SFX Bulletin, 30 November 2014 “Jolly” would be the expected word for this well-known carol.  However, when we listen to Jesus’ words in today’s gospel telling us four times to “Stay awake” and “be on your guard” (Mk. 13:33,34,35,37),  we cannot help but consider if this seasonal “jolliness” is what Jesus is alerting us to and what Our Lord feels may be wrong with some festive lightheartedness?

When we examine the lyrics of this popular carol, we find Our Lord’s warning justified.  Composed in the 19th century with the pub-dance rhythm for its music, the original lyrics of the carol was set around indulgent merry-making – “drain the barrel…laughing, quaffing all together” – hardly the type of song any parent would want their child to learn.  These lyrics on hearty drinking were later replaced with dressing up, “don we now our gay apparel”. One would expect a Christmas carol to sing of the Christ-child or the awesome wonder that God had indeed “torn the heavens opened and come down” (cf. Isa. 64:1) to be our perfect atoning sacrifice to offer to God.

This carol is a simple example of how Christmas – the inauguration of the new creation through Christ – can be turned into an occasion of merry-making for its own sake and not to glorify God’s saving help.  Jesus’ call to “stay awake” and “be on guard” refers in part to such practices and distractions that can lure us away from him.  Without “staying awake” and “being on guard”, we could all end up celebrating Christmas like non-believers – disinterested in the paschal work of Jesus and wanting Jesus to remain as the sweet new-born never to grow up to speak words of warning and repentance to us.  Words we all humbly need to hear everyday if we are to truly mature as Christians.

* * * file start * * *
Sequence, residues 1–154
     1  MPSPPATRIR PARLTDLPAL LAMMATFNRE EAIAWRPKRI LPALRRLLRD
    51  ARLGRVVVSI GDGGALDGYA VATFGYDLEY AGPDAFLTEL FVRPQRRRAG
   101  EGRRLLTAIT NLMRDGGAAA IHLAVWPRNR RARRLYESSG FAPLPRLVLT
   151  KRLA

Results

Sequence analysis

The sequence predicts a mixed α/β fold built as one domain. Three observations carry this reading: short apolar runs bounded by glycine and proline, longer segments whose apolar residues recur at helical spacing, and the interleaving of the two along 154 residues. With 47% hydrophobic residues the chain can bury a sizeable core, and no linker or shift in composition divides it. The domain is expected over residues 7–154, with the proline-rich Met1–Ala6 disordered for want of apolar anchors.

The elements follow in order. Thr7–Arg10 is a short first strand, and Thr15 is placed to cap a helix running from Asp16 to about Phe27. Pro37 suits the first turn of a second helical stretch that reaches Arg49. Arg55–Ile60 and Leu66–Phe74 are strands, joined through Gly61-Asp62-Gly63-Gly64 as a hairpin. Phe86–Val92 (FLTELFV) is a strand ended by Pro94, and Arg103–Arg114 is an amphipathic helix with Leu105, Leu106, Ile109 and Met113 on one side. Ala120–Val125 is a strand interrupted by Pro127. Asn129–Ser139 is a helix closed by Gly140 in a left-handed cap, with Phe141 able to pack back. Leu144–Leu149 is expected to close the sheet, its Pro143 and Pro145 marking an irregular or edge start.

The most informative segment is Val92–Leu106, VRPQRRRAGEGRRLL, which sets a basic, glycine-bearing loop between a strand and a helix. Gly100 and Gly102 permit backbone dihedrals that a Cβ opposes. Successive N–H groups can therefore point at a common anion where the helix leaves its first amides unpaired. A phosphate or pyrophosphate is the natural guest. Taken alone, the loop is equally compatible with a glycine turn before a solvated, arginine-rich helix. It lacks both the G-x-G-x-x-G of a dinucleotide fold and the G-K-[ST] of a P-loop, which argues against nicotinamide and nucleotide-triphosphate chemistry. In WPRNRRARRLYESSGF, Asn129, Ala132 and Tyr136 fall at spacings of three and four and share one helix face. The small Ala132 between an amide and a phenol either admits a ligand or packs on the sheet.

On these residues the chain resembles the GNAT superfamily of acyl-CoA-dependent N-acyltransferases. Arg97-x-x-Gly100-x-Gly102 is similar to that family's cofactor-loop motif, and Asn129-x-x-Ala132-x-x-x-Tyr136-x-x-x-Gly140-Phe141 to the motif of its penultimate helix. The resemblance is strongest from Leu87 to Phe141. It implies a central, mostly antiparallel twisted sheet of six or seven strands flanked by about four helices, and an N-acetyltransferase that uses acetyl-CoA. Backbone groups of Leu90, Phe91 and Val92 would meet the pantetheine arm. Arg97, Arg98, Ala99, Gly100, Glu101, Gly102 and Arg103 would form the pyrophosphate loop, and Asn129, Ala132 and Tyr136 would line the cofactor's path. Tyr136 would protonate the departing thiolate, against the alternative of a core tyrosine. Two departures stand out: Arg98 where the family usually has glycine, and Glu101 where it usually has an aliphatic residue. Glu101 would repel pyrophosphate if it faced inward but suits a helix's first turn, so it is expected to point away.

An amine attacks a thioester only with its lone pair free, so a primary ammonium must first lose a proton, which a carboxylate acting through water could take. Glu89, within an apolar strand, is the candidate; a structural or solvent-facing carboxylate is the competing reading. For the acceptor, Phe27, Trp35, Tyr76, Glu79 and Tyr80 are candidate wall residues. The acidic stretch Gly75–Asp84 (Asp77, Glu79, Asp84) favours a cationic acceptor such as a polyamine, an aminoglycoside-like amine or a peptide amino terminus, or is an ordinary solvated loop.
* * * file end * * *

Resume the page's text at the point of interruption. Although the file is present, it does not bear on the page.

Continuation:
Pope Emeritus Benedict XVI says that Advent returns every year to remind us of the “proper orientation” of life – our lives are to be directed towards “the face of God…the master (who is) Father and a Friend” (Angelus, 27 November 2011).  This “Father and Friend” sent us his only son to be born to die for us.  By his death, and with our baptism into his death, the “gifts of the Spirit” have now come to us to “keep (us) steady and without blame until the last day” (1 Cor. 1:7-8).  The Catechism tells us that a prayer life is key if we are to remain “blameless”, “No testing has overtaken you that is not common to man.  God is faithful, and he will not let you be tempted beyond your strength…such a battle and such a victory become possible only through prayer.  It is by his prayer that Jesus vanquishes the Tempter, both at the outset of his public mission and in the ultimate struggle of his agony” (CCC2848-2849).

Christmas is celebrated in Singapore by shopping and feasting.  The Church celebrates it by asking us to be “Bearers of the Good News”. We are reminded to follow Mother Mary’s example and hurry to those in need of the Good News – “those who are losing hope, feeling unloved or experiencing low self-esteem” (Archbishop William Goh, Advent Message, 2014).

Amidst this season’s “jolliness”, let us be “Bearers of the Good News” by compassionately addressing this “jolliness” for what it is - a cry for lasting joy and happiness.  Let us enlighten others that true joy rests in God alone, “You have formed us for Yourself, and our hearts are restless till they find rest in You” (St. Augustine, Confessions).
 
“Tis the season to be jolly…”? Yes, certainly!  This is the season to rejoice but not because we have yet another festival for partying.  Rather, because God has blessed us with the abundance to gather people together to hear the true Christmas story over the sharing of food and drinks.  This great story is that “God wants to join man to his Son, Jesus Christ” (cf. 1 Cor. 1:9).  Are we willing to prayerfully encounter the adult Jesus this Advent and then, like Mary, joyfully bring him to birth in others?

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